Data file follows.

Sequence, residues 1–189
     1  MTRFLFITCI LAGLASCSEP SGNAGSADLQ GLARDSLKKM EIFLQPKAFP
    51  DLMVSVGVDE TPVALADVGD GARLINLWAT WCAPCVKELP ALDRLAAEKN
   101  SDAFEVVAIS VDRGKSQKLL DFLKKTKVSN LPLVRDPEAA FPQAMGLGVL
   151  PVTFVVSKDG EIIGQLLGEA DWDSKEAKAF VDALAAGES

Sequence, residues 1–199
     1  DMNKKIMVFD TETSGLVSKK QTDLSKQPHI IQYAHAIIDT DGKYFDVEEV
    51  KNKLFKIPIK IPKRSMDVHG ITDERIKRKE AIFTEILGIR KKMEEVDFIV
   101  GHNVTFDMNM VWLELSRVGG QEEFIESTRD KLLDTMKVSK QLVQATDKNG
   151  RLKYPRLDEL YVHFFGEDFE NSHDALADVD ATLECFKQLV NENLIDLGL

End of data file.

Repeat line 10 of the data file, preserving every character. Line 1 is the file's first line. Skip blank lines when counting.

   151  RLKYPRLDEL YVHFFGEDFE NSHDALADVD ATLECFKQLV NENLIDLGL